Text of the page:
[UPDATE: This is currently being fixed]
Are there any Wikipedia contributors/editors out there? I used to have an entry but it was deleted back in June. Several other colleagues had their profiles removed as well, namely Charles Gatewood and Christophe Mourthé among others.
The page for my entry is still there at http://en.wikipedia.org/wiki/Steve_Diet_Goedde
The deletion log says:
06:02, 10 June 2008 ESkog (Talk | contribs) deleted "Steve Diet Goedde"
(G12: Blatant copyright infringement: no revisions had anything that wasn't ripped from the linked page)
I'm not sure what kind of copyright infringement was involved. I don't even understand that last sentence in the above quote. I had approved two of my images for use in the article and followed all their usage rules. That had been done a few years prior to the removal. So I have no idea what happened. So if anyone is interested in restoring my page, please let me know and I'll be happy to provide any biographical information.
Monday, September 15, 2008
In my quest to bring my photography back to its most basic form and avoiding as much modern digital technology as possible, I decided to start experimenting with a Holga camera. Film, simplistic camera, random composition and exposure. Of course I still have to use digital technology to scan the negs and then save the image via Photoshop™. No manipulation was used here. Even the toning was the result of the RGB scanning in automatic mode.
I had shot Aradia at Eric Kroll's house in Tucson over the summer, and this was my first chance to experiment with my new Holga. When we left, I accidentally left the camera (with the film in it) outside in the sun, and it wasn't rescued until Eric came back to the location about a month later. I thought for sure the film had been baked since the average temperature in Tucson during the summer is around 110 degrees! So I finally had the film processed to see if there was anything remotely salvageable. To my surprise, all the exposures were fine, and there were absolutely no light leaks which is odd since Holgas are known for that.
Sunday, September 7, 2008
Back in 1997 I decided I had shot enough quality work to start pursuing publishers about doing a book. I had saved up some money and thought I'd spend a year or so submitting my work to various publishers. Edition Stemmle had always been my favorite photography publisher. Their books were always spectacularly designed and were printed on the most luxurious papers imaginable. Their catalog of artists included many of my favorites, such as Ralph Gibson, Irina Ionesco, Nobuyoshi Araki, Kristin Capp, Ferit Kuyas, Lewis Hine, Tony Ward, Andreas H. Bitesnich, Skrebneski, and Andy Warhol. So it was them that I approached first.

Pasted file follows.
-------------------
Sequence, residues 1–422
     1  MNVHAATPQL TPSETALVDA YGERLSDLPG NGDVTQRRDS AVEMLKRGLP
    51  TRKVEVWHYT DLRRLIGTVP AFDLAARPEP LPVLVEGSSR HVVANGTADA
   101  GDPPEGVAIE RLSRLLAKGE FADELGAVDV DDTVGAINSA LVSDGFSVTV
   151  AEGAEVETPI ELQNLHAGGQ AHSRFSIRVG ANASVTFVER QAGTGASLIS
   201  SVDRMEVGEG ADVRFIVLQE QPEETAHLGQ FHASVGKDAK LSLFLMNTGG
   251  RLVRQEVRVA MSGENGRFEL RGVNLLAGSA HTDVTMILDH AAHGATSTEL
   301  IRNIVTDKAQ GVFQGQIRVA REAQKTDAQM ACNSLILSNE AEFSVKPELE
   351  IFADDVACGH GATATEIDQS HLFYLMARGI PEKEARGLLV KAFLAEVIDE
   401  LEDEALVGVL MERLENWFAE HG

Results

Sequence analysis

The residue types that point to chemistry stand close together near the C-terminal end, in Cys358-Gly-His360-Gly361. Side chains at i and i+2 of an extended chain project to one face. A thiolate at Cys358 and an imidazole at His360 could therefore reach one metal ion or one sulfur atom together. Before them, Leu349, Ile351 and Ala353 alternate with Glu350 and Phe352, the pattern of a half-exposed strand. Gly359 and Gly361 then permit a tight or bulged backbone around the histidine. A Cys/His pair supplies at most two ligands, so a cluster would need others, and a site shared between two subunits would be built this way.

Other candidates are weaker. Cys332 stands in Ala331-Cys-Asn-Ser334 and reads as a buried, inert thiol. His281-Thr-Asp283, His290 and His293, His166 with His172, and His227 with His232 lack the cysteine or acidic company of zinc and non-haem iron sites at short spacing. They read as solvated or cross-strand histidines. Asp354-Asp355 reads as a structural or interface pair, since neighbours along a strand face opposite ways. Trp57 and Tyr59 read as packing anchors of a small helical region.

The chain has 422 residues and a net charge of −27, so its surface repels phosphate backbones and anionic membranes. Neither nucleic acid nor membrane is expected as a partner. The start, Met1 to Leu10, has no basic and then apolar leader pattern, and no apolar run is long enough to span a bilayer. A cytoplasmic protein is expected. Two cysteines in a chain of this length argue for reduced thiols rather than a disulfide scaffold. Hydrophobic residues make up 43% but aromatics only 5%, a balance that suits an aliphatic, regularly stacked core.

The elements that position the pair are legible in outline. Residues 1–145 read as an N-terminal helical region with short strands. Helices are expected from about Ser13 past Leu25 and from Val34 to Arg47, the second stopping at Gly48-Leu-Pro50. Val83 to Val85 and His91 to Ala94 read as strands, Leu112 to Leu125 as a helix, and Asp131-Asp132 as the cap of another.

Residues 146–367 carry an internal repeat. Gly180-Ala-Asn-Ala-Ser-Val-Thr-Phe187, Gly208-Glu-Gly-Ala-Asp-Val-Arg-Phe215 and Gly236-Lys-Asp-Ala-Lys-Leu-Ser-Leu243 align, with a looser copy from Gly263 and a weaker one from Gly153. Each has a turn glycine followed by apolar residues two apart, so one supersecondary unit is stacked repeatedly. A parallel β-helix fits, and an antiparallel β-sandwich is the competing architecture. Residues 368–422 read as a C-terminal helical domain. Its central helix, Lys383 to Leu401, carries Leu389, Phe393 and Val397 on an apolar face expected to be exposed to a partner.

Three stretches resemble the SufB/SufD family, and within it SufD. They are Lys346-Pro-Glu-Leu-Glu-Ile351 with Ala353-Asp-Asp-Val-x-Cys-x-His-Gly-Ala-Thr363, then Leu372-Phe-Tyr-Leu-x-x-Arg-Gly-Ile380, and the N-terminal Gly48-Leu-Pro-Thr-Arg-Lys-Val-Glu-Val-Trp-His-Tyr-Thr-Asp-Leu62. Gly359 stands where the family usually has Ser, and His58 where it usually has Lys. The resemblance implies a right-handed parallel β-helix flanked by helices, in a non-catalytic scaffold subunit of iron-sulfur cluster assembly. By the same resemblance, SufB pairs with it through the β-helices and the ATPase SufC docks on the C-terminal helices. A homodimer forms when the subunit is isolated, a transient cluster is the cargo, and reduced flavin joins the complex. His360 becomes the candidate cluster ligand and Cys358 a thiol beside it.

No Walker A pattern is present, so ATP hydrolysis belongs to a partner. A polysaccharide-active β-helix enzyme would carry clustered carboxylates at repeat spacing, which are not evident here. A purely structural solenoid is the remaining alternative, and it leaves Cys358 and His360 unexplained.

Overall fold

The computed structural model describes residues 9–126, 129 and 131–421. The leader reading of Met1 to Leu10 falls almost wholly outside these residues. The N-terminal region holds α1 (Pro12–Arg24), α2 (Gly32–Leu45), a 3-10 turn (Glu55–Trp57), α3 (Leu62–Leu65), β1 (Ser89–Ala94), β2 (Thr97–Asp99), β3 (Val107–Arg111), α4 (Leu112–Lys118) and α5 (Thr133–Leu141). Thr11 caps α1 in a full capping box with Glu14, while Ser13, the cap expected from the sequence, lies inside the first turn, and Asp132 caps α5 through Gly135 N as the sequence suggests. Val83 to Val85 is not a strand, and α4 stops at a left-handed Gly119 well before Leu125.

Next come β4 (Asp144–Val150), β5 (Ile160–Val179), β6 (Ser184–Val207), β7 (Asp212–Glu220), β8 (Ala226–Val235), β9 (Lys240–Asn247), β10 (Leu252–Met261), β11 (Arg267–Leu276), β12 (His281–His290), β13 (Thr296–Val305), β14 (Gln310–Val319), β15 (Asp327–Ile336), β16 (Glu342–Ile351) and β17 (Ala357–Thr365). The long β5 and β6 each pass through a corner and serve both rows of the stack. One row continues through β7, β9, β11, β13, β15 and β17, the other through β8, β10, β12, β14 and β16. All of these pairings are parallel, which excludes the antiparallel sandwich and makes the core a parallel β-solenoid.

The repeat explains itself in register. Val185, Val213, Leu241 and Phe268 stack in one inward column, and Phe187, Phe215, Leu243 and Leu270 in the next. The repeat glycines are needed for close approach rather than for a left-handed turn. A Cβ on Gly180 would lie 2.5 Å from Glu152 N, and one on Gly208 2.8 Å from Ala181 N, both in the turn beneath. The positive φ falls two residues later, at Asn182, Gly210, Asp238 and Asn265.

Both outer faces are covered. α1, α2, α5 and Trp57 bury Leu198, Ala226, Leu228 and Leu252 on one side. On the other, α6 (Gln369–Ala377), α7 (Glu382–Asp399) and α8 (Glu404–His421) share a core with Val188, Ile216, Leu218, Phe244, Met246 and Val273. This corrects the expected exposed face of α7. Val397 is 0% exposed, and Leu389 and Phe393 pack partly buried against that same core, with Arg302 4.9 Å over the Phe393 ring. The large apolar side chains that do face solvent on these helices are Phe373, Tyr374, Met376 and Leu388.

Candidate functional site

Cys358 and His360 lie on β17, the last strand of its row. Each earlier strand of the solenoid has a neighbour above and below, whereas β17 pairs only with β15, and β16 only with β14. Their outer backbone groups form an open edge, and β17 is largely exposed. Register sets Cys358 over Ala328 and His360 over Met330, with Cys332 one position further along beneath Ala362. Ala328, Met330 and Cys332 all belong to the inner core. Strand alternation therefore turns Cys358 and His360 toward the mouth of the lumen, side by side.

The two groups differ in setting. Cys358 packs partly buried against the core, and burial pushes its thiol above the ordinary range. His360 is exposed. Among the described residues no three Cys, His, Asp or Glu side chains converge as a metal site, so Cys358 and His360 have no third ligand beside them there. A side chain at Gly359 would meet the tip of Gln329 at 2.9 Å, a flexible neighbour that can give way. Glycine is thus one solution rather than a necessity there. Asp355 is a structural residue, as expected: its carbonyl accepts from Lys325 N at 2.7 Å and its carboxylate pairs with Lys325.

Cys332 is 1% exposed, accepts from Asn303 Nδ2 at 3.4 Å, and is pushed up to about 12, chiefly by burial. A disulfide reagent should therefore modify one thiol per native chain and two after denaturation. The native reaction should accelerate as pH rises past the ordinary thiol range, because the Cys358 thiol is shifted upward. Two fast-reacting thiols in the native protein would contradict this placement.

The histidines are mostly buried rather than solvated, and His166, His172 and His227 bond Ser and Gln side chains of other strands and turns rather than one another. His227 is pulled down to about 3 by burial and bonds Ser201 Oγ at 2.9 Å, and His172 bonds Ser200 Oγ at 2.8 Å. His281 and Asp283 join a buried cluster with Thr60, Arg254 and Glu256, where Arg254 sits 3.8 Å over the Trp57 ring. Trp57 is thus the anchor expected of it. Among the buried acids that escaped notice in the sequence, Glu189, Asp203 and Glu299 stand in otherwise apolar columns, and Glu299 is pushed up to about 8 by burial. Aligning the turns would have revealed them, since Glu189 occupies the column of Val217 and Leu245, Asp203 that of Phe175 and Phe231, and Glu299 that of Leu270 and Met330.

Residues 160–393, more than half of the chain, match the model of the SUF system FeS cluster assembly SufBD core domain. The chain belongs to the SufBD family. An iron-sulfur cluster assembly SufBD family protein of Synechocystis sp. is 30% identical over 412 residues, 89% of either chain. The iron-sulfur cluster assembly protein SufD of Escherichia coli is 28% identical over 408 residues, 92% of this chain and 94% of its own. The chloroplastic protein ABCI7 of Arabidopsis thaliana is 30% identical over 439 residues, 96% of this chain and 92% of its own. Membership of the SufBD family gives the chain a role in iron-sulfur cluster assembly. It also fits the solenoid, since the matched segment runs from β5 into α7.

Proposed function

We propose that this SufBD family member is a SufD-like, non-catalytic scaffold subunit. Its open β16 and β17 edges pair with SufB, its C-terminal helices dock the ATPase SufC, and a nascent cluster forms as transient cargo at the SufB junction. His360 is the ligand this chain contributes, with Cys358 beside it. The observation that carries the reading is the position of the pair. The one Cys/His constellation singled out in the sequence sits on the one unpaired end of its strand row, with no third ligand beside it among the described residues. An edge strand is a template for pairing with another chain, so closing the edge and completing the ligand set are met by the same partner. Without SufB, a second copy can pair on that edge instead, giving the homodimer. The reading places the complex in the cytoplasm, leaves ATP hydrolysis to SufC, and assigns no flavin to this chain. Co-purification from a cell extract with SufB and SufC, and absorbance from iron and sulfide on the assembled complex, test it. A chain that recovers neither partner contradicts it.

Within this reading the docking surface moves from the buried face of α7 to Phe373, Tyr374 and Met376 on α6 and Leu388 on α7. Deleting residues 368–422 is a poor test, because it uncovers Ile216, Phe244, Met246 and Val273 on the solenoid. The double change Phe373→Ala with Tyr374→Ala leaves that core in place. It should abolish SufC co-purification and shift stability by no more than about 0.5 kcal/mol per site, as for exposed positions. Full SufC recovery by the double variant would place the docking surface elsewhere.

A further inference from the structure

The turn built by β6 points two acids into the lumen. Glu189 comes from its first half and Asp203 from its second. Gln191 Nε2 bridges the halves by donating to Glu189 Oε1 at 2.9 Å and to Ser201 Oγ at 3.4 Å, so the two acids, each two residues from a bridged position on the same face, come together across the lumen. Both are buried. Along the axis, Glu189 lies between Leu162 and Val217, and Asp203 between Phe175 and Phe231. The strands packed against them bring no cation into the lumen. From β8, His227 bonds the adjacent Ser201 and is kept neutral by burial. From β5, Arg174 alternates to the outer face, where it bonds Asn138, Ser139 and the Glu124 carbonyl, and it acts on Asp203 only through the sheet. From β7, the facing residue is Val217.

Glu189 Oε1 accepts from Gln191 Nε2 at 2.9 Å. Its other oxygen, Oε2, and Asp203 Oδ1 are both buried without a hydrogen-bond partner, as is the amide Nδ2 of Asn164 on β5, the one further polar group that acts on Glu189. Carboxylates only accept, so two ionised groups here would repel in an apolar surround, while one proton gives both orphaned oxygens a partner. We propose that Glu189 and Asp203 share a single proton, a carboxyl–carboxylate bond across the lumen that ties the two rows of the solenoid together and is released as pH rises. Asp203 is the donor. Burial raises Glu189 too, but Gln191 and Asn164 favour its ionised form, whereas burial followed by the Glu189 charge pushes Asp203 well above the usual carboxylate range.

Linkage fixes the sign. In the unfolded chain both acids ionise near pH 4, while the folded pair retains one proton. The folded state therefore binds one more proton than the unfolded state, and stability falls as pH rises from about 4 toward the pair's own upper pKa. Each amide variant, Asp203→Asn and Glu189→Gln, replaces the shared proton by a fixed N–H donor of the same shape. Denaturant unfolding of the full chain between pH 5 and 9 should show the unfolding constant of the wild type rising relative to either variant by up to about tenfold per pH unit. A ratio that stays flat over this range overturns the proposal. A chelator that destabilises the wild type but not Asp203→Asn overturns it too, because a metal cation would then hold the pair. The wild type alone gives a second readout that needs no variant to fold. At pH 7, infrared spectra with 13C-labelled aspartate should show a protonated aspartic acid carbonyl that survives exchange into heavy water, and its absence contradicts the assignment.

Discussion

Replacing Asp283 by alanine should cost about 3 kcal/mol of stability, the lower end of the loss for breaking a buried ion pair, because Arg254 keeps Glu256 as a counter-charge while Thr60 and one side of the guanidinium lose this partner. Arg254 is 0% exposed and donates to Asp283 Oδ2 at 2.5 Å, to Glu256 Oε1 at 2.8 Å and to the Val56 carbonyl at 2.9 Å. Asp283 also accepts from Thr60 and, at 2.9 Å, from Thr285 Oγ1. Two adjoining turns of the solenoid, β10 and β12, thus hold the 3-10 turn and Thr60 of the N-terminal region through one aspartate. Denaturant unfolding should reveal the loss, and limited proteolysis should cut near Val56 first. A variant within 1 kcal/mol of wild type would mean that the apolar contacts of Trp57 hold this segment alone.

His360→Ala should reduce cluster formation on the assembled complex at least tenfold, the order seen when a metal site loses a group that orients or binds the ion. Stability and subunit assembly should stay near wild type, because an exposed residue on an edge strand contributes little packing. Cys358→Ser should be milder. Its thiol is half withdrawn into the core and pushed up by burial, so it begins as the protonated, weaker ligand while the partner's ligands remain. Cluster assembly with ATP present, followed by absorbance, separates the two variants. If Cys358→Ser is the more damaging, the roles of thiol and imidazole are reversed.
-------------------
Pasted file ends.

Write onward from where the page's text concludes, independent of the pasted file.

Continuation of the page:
I don't remember what exactly I sent them but all I know is that a week later I got a fax from them saying that they were interested and wanted to see more work. So excitedly I sent them a huge box of prints. Within a few weeks, pre-production and design of the book started. Although based in Zurich, they arranged a meeting with me in New York at their US distributor's office. I remember laying all my images out on a huge conference table in a swanky room with floor-to-ceiling windows which looked out over the World Trade Center which was across the street. Because it was my first book, and I was star-struck by being with my favorite publisher, I pretty much let them have their way with the book. My biggest regret is allowing them to reproduce the book images from small 8x10 prints. That's why a lot of the images in the book are slightly fuzzy. Most people say they like that quality assuming it was part of my style. Only I know just how crisp those images actually are. I also let them come up with the title of the book which I really didn't care for and still don't. I really didn't want the word 'fetish' in the title because I thought it would pigeonhole me into that genre, which it ultimately did. But that's okay. The one big redeeming factor was that they were able to get Vicky Goldberg to write an intro to the book. For those of you who don't know her, she is the photography critic for the New York Times and is highly regarded for her essays and books about photography.
"The Beauty of Fetish" was released in September of 1998 in separate English and German versions. I still don't own a copy of the German version so if anyone out there can hook me up with one, please let me know! It sold very well and actually became one of Stemmle's best-selling books. It even made New York Daily News Ten Best Photography Books of 1998 list. Because of the success of the book, two years later Stemmle wanted to do a new book but this time focusing on the work I had just shot after having moved to Los Angeles from Chicago a few years previous. But more info about my second book later. Eventually Stemmle went bankrupt as a result of a domino effect when one of the world's largest book distributors went bankrupt as well and couldn't pay Stemmle all the money that was owed them. Of course that meant that us artists never got most of the royalties promised to us. In the end however, the prestige and validation of having been published by one of the most respected photography publishers was worth way more than money. Today I have a small amount of personal copies which I'll always hold onto and cherish. On eBay, copies of the first book go anywhere from $150-$500 of which I see no money. Oh well...